Sunak in a pickle over plan not to attend COP27
The newly-appointed British Prime Minister announces that he will not be attending the COP27 in Sharm El-Sheikh, Egypt.
After announcing Thursday that he will not attend next month's COP27 UN climate summit in Egypt due to "pressing domestic commitments," newly-appointed Prime Minister Rishi Sunak is facing condemnation and criticism from opposition politicians and environmentalist organizations.
Last year, the United Kingdom hosted the COP26, stressing the important role that global leaders play as they met last year to discuss climate change against a backdrop of failures to meet carbon reduction targets.
Read next: The Importance and Disappointments of COP26 Climate Summit
The decision came the same day the United Nations issued warnings that countries' climate pledges are raising the head to a disastrous 2.6 degrees Celsius this century, after agreeing on a 1.5 degrees Celsius target last year. The decision was also followed by Downing Street's barring of COP26 minister Alok Sharma and climate minister Graham Stuart from attending the cabinet.
Truss, who was pushed to resign after problematic policies she and her administration were advocating for, was going to attend the climate conference in Sharm El-Sheikh, Egypt, according to British media outlets.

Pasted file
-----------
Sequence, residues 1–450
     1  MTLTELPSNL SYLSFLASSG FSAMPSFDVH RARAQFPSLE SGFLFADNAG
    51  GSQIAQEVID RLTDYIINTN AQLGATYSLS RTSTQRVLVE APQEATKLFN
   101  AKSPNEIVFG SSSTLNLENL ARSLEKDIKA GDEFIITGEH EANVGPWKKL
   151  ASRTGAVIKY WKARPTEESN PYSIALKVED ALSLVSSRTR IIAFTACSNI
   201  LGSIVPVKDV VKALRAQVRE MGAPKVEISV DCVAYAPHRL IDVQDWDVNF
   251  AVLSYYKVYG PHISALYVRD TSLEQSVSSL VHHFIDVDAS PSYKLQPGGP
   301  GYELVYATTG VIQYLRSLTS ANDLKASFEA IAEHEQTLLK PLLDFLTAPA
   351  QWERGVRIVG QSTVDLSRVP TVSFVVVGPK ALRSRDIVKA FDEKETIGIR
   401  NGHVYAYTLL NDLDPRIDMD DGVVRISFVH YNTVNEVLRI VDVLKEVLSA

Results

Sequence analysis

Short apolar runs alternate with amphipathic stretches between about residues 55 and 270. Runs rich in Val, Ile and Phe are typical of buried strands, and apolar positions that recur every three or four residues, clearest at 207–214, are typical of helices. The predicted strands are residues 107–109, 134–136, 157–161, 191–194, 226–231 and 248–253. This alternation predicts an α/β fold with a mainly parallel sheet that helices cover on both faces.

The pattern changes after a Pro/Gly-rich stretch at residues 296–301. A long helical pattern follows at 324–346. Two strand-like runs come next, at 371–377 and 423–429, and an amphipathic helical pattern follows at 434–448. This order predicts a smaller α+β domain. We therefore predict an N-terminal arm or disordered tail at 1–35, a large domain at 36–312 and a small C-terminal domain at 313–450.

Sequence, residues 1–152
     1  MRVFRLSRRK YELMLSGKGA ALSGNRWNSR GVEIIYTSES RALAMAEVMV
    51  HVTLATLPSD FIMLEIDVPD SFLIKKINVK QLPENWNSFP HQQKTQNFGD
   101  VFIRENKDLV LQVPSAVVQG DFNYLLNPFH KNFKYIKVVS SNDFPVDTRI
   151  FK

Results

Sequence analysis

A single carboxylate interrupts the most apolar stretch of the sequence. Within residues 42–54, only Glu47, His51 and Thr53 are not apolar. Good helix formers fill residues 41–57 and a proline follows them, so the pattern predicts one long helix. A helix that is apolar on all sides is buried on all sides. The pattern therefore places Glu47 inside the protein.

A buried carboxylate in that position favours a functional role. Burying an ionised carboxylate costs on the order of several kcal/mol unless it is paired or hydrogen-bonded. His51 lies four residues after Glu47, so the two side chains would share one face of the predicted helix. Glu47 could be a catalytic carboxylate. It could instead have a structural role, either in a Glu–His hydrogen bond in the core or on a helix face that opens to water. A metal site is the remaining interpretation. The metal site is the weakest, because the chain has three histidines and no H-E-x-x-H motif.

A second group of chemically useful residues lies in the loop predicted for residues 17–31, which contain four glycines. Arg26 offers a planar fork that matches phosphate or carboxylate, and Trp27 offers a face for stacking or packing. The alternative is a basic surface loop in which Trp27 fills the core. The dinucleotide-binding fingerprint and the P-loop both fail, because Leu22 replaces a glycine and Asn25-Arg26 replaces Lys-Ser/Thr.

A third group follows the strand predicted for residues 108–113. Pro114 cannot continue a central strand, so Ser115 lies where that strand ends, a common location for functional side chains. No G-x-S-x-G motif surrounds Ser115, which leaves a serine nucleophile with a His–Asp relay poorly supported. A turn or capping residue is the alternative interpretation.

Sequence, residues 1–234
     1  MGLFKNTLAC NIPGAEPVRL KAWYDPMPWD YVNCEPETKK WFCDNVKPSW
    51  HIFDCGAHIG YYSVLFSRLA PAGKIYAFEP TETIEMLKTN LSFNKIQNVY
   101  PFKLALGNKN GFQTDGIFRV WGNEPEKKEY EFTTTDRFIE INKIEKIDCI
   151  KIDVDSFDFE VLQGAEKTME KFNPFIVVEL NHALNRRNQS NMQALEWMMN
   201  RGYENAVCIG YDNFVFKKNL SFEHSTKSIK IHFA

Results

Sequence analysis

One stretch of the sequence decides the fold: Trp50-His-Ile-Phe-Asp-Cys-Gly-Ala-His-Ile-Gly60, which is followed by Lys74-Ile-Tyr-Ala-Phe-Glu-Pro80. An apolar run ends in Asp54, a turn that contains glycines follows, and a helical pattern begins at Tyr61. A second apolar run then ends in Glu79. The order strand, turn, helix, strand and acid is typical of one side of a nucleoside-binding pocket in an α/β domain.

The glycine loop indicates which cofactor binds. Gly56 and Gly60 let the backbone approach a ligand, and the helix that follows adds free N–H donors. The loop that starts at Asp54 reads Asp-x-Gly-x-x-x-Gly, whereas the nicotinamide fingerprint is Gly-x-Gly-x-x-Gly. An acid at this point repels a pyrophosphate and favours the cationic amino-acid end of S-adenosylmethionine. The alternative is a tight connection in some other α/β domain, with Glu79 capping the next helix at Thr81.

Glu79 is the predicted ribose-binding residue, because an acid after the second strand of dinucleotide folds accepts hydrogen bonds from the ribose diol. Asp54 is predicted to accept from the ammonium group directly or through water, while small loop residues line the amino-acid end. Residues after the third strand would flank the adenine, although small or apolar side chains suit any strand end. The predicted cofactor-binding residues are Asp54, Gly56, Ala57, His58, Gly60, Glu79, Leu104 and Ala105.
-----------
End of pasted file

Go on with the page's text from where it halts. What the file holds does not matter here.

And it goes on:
"This is a massive failure of climate leadership," said Ed Miliband, the main opposition Labour party's former leader and now climate change spokesman. "We were the COP26 hosts and now the UK prime minister isn't even bothering to turn up."
Read next: UK failed to protect people from climate change: Expert
Head of politics at Greenpeace UK, Rebecca Newsom, said, "Coming just after the ousting of Alok Sharma from the cabinet, this suggests that the new prime minister neither takes the climate crisis seriously enough, nor recognizes the opportunities for Britain to take a leadership role in helping to solve it."
Reinstating the fracking ban
In a political U-turn, Sunak on Wednesday reinstated a nationwide ban on fracking, dropping a previous pledge to permit the practice that Truss enacted during her 45-day reign.
The British Conservative party introduced a prohibition, though temporary, on gas fracking in England after sticking to a 2019 ban, which saw them elected with an 80-seat majority.
"I stand by the manifesto on that," Sunak said. "We will deliver on what we said at COP because we care deeply about passing our children an environment in a better state than we found it ourselves."
His official spokesperson also affirmed the decision, telling reporters that Sunak was "committed to delivering on the promise of the manifesto" that banned fracking.
Greenpeace UK gave the decision a nod. "We welcome this decision and urge Sunak to also halt all new licenses for oil and gas exploration," it tweeted.